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Florida Cap on Medical Malpractice Lawsuit Awards Ok’d

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Florida’s 11th Circuit court upheld a state law that puts a $500,000 cap on noneconomic damages in malpractice lawsuits. The cap was called into question in a case in which the parents and son of Michelle McCall, who died after losing excessive amounts of blood during delivery, sued and won a lawsuit against the federal government under the Federal Tort Claims Act, and was awarded $980,462 in economic damages and two million in noneconomic damages.

Because of the noneconomic cap in Florida, the McCall award was restricted to $1 million. The family argued that they were entitled to the full award because the lawsuit named nonpractioners.

The three-judge District Court panel rejected their argument, and found the cap was within the state’s constitutional rights. Judge Beverly Martin wrote, “The District Court was correct in finding that plaintiffs did not establish that Ms. McCall’s death resulted from the negligence of a ‘nonpractitioner.'”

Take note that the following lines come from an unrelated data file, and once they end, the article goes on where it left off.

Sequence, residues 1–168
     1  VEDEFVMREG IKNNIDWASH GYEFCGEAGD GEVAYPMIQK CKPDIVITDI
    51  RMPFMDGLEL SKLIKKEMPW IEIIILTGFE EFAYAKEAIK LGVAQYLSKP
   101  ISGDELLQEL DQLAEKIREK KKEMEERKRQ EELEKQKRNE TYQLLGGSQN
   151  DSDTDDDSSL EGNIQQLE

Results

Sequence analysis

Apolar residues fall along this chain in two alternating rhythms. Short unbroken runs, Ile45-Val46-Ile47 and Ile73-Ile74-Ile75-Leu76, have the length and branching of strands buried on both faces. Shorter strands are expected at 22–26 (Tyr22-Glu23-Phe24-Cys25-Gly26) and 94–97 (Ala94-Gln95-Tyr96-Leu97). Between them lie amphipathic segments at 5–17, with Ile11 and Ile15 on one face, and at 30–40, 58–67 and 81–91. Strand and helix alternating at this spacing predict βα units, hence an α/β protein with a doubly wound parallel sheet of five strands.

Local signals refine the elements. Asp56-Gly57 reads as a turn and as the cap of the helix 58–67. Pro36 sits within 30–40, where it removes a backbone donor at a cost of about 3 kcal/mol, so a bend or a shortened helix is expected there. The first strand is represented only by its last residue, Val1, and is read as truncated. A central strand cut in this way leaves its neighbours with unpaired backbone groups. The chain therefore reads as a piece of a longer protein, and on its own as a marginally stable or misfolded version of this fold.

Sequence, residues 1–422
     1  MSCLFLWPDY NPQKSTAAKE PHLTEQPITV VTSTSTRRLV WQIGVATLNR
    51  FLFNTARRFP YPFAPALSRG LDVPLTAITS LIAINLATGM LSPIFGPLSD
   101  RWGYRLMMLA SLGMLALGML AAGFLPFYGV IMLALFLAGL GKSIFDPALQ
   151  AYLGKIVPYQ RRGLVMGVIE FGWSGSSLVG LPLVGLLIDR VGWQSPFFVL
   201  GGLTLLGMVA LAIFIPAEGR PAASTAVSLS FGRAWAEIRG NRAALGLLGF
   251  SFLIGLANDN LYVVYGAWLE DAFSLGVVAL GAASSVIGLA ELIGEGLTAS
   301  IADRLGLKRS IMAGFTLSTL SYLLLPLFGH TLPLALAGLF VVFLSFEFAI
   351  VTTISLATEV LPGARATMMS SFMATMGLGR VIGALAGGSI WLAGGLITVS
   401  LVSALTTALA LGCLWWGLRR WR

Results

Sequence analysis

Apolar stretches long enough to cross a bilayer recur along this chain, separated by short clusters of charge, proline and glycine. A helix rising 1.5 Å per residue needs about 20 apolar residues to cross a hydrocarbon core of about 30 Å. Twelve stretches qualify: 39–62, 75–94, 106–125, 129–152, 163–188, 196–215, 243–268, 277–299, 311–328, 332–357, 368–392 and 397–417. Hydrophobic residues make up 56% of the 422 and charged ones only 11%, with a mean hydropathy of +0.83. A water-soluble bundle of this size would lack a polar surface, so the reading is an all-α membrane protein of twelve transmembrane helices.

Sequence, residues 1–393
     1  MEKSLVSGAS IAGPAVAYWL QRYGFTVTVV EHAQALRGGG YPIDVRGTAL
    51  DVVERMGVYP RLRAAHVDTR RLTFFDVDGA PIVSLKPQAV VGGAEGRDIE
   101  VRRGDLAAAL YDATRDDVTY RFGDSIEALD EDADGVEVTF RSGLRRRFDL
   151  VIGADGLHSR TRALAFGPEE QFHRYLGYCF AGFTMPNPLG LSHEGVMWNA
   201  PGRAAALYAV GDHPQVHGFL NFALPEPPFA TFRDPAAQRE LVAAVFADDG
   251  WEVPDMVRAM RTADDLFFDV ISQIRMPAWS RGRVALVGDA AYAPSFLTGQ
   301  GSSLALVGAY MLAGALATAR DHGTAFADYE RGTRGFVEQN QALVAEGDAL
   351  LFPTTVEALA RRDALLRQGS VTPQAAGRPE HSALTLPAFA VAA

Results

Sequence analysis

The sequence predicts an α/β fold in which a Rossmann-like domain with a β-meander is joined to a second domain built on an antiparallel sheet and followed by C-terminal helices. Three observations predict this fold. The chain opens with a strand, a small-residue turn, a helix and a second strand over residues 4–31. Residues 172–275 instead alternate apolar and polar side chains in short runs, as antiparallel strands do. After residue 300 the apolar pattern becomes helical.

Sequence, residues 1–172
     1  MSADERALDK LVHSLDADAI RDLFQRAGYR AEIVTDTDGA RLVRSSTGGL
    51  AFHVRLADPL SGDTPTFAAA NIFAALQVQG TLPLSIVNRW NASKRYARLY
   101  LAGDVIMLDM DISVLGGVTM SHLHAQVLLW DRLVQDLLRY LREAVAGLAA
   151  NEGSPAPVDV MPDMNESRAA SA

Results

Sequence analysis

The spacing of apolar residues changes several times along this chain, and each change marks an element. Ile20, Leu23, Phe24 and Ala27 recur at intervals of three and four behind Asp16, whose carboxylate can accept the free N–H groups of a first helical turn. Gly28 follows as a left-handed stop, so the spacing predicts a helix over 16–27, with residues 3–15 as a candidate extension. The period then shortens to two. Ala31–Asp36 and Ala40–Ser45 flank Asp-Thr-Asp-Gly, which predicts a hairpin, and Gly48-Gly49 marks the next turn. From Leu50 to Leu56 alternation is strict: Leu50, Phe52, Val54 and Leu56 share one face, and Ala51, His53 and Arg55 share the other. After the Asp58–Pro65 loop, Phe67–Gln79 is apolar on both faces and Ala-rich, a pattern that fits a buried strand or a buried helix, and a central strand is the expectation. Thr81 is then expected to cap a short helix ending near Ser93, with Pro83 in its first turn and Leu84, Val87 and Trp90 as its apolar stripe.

The Court also found that the argument that the cap has not been proven to reduce medical costs or make malpractice insurance more affordable “lacks merit”, and that is does not violate equal protection under the 14th amendment, nor does it violate the ‘takings’ clause of the 5th amendment.

The Court said of the McCall lawsuit, that any remaining constitutional claims can be taken to the Florida Supreme Court.
? disclaimer: This article: Florida Cap on Medical Malpractice Lawsuit Awards Ok’d was posted on Thursday, June 2nd, 2011 at 6:35 pm at and is filed under Medical Malpractice Lawsuits.

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